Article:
WHICH VINYL RECORD HAS THE BEST QUALITY?
If you’ve ever made a vinyl record before, you’ll probably be aware that there are numerous choices to tempt you. Standard black, lots of colours in solid, transparent or even semi-transparent. You can mix colours to create wow-factor patterns like a splatter effect or even add a picture to cover the whole record.
But once you’ve mulled over the choices and made your selection, how do you know if you have made the right choice? Well, here’s a quick run-down on quality and style in vinyl pressing.
Black is the most common colour you’ll find in shops or online. It’s generally accepted as the standard format, but actually it’s not pure. Pure vinyl compound has no colour and looks milky-clear, however, this pure version isn’t the best quality you can get. In order to make it play better, black graphite is added. Graphite acts as a lubricant during pressing to create a smoother surface and it allows the needle to make a better connection when playing. It also helps reduce static and improves the overall sound quality.
It’s possible to create a whole spectrum of coloured vinyl by adding pigments to the base vinyl compound, or by using pre-mixed coloured granules. However, adding different colours and levels of transparency can have small effect on sound quality, introducing more static and clicks, especially in run-in and run-out grooves. As a general rule, solid colours contain more impurities than translucent colours.
On the style side, one thing that can’t be debated is how beautiful coloured vinyl can be. While there are some trade-offs in terms of audio quality, coloured discs can be pressed to compliment album artwork, creating a great package for fans and collectors.
There are many options to choose from when mixing colours together. However, as with coloured vinyl, the audio quality on multicoloured vinyl won’t match black vinyl. At any point where two colours meet, there’s a risk of small imperfections which can result in audio and occasionally, visual impurities. The process of creating multicolour vinyl is usually manual, hand-pressed, rather than automated, resulting in a higher reject-rate on press. This is the main reason why the price of multicoloured vinyl is more expensive. The trade-off though, can be worth it if you’re looking to create something extra-special.
Styles of multicolour vinyl
You can use up to 3 colours to create loads of effects. The base colour can either be solid or transparent and the best effects are when you contrast a transparent base with a solid splatter.
Half & Half
Again, 2 solid colours, or a combination of solid and transparent colours, can make great contrasts with half and half.
Three colour striped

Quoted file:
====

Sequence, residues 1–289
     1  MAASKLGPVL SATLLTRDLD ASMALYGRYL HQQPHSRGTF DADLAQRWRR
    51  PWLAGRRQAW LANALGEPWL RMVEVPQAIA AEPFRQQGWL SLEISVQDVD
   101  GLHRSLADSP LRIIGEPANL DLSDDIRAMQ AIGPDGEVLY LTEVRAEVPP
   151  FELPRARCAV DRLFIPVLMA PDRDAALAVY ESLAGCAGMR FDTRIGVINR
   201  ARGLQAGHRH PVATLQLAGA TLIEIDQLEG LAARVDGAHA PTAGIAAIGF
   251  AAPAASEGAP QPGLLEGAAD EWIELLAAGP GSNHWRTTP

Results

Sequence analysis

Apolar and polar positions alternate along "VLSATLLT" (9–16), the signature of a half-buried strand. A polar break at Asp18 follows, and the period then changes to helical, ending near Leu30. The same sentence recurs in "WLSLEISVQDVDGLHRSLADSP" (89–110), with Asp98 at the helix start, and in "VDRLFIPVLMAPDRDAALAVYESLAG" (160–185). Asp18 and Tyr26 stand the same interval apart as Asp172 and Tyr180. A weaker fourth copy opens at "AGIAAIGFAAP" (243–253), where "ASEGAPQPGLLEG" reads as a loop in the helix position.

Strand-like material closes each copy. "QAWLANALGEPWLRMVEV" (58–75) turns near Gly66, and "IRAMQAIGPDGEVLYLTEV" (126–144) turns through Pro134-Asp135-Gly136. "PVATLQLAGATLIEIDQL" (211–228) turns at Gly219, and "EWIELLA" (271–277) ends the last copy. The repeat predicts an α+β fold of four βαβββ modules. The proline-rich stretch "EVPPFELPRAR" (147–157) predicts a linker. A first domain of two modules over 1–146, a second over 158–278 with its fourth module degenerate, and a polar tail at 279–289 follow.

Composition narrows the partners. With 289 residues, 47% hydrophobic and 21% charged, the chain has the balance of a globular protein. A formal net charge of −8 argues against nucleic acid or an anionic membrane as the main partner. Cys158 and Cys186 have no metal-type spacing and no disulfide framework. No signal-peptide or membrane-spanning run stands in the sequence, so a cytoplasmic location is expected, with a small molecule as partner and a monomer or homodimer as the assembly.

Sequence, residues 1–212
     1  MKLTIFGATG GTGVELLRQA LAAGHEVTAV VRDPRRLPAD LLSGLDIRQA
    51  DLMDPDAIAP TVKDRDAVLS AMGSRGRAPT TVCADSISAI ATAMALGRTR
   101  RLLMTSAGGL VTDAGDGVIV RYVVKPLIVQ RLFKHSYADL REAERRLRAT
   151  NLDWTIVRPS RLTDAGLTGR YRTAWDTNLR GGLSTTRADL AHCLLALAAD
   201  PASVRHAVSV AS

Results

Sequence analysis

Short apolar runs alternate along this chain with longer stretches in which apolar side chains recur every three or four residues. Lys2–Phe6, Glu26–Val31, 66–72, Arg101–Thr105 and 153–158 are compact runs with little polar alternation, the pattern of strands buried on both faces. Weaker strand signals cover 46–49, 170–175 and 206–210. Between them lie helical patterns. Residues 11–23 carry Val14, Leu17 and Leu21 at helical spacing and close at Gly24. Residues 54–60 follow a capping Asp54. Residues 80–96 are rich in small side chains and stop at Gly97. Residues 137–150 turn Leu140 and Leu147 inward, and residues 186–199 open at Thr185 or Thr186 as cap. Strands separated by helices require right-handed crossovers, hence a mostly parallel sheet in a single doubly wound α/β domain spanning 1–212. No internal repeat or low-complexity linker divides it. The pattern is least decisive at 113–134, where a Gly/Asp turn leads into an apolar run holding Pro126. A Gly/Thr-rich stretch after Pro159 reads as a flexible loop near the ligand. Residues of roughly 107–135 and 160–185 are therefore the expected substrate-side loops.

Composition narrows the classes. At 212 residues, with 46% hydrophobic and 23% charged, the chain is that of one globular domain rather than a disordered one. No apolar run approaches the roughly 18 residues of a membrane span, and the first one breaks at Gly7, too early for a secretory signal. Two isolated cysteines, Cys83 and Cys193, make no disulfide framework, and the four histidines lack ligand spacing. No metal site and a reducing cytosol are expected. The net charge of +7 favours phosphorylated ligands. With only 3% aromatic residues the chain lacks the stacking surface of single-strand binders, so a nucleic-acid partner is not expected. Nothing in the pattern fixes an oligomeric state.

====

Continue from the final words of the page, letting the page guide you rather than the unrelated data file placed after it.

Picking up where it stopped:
These are made from 3 colours and can be a combination of solid and transparent colours.
The Quad effect has 4 segments using a maximum of 3 colours, Any combination can be used and the use of a third colour gives a splatter effect.
Three colour segment
Using 3 colours, each section can be a combination of both solid and transparent colours. NOTE: some colour combinations can react differently when mixed, so do your research before deciding.
A side / B side effect
Usually made from solid colours, these give great results when using contrasting colours to get the best effects. Both sides of the record are different.
Colour in Colour
Colour in colour vinyl is made up of 1 colour pressed “inside” another, but it cannot be guaranteed that the smaller central colour will always be visible on both sides of the record, so choose high contrasting colours will give the best possible effect.
Cornetto effect creates up to 6 spokes made from 2 different colours, either 2 solid colours, or a combination of solid and transparent colours.
Using what’s available at the pressing plant at the time you place an order, you have no actual control over the final colour you will get. This random effect is created by mixing various colour compounds and every record can be significantly different. This process uses left over granules and therefore is slightly better for the planet!
Glow in the dark
Glow in the dark records do just what they say. Turn the lights out and see how they glow. They are made by using a special red, green or blue pigment mixed with the vinyl compound.
These are at the back of the queue when it comes to quality as they are made in a different way to black or coloured vinyl records. A vinyl puck is placed in between two record sized paper labels, then two sheets of heat-resistant PVC foil are placed on top of the labels and when the record is pressed, the grooves are formed in to the foil. Because the playing surface is a pvc sheet instead of vinyl, they tend to suffer from increased surface noise and the overall sound quality is not as good as black or coloured vinyl. New ways of pressing picture discs means that by using heavier vinyl, considered to be around 180gms rather than a standard record of around 130gms, means the sound quality has been improved, but still not to the standard of colour or black vinyl.
So there you have it! So many choices and some fantastic effects to play with. If you buy vinyl you will see that lots of artists choose colours to complement their artwork or to accentuate the overall design. We’ve pointed out that they are not quite as good in sound quality as black, but in general, the difference in fidelity is so slight, it’s not always that noticeable unless you are looking for a difference.
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